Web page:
We were ushered over to the line shortly before the 9am start. I nervously joked to the BRAT runner, as we were stood under the thick canopy of the trees, that that was the point when people’s Garmins would lose GPS signal. Almost jinxing myself, my Garmin only went and lost signal only moments before we were due to start running… Thankfully, it regained lock-on with only 20 or so seconds to spare. At least my heart was pumped and ready to go!
Almost with precision timing, the hooter went off at 9am sharp and like a marauding medieval horde, we were ejected from the castle gates to begin our campaign towards Kenilworth Castle.
After only a couple of seconds, I joined the scramble to get out of Warwick as quickly as possible. Things felt uncomfortable rather early on, which was worrying. I felt completely out of sorts and the lack of race pace training of late made itself known to me.
Earlier in the week, an 11mph tailwind was predicted but this never materialised and instead turned into an 8mph headwind; not the end of the world but also incredibly unhelpful on a net uphill course.
The 1k marker ticked by very quickly, at least in my head. A 4:05 opening split with an uphill section wasn’t bad at all, but it meant I had to be much stricter with future splits to be within a chance of target.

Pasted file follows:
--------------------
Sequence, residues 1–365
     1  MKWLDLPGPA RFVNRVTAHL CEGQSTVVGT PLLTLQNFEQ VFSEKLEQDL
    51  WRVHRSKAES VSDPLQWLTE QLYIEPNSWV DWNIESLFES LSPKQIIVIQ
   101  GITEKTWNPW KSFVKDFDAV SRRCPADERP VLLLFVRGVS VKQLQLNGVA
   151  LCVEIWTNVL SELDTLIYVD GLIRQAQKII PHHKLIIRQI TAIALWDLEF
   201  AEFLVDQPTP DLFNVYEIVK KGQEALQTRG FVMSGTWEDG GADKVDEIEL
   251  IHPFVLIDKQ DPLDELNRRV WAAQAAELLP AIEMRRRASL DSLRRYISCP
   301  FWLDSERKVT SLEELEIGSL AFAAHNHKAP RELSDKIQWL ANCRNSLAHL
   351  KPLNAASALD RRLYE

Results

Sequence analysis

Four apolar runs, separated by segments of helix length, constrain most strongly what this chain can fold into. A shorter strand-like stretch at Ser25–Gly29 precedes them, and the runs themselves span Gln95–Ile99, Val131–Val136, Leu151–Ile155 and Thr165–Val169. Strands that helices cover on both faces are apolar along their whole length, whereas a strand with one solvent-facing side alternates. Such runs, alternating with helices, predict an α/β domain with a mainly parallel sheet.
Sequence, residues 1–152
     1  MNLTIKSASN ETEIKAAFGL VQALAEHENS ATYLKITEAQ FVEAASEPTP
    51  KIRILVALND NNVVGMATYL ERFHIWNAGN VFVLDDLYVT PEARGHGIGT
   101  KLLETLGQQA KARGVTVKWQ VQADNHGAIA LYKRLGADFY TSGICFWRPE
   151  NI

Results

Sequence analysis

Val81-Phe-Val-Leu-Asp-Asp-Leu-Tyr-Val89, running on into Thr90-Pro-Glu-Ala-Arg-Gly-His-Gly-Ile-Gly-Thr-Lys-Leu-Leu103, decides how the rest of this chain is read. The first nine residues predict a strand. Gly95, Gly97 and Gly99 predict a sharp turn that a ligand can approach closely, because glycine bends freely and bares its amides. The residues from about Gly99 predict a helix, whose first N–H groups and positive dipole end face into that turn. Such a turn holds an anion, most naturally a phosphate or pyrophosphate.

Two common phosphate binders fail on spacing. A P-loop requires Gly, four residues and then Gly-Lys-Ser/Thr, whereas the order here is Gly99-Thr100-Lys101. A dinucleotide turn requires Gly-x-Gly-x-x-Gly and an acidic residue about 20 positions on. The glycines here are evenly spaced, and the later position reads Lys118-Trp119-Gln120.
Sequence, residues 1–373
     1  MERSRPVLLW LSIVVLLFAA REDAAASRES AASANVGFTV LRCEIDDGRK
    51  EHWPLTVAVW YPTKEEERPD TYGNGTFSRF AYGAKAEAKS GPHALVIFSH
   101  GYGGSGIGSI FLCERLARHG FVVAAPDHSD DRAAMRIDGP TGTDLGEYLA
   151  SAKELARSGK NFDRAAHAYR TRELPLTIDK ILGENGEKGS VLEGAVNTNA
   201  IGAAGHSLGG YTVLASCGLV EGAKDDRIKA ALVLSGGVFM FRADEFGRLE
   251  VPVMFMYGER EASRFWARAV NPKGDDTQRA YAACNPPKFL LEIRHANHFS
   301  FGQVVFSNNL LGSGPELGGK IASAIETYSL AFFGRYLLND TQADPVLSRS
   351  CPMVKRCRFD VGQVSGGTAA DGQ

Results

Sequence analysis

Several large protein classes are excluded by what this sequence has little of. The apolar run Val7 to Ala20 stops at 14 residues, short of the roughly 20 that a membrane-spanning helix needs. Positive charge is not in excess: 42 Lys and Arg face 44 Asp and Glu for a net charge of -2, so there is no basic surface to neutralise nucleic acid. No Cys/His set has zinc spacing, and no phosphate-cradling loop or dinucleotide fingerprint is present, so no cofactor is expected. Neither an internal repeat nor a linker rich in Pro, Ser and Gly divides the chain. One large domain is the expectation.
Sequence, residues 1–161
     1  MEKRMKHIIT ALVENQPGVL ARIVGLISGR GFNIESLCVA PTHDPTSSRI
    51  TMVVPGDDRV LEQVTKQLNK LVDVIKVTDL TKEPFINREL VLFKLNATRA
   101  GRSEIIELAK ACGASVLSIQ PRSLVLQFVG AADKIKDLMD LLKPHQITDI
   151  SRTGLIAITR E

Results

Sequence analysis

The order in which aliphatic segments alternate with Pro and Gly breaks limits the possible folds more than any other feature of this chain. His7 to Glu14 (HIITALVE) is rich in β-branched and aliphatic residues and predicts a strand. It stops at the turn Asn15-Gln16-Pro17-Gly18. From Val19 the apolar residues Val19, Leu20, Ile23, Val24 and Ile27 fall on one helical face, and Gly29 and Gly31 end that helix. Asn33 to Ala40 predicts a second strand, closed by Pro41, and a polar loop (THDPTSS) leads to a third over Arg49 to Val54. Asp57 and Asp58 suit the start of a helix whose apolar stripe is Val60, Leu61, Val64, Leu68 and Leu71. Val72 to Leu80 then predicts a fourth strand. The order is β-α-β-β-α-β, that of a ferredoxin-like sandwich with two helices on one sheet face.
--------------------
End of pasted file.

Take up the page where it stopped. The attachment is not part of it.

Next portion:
Being much further up the field, in and amongst faster club runners, meant most were following the shortest line on the course, so I almost always had others around me most of the time. My memory’s a bit fuzzy of the early portion of the race where I was simply trying to keep things under control, managing the discomfort with a need to keep the pace in check.
I made a sharp left turn at Leek Wooton and began the first significant climb on the course; all the others were relative small fry in comparison! I found myself running steadily with two other guys whilst a large gap developed between the group ahead and us. I used my old trick to try and drum up interest with the other two fellas to collectively shrink the gap. They weren’t having any of it and didn’t even make an attempt to follow me, so I went it alone… At least I got the climb over and done with!
Unusually for a 10k race, there were three water stations out on the course and all served bottled water (yeeeees!); this still didn’t stop me sucking down an Isogel because why fix what ain’t broke? The 5k marker was close by and my Garmin showed 20:20ish for the first 3.1 miles; I more or less knew at that moment that my quest for a sub-40 on the course was over with too much to do in the steeper second half.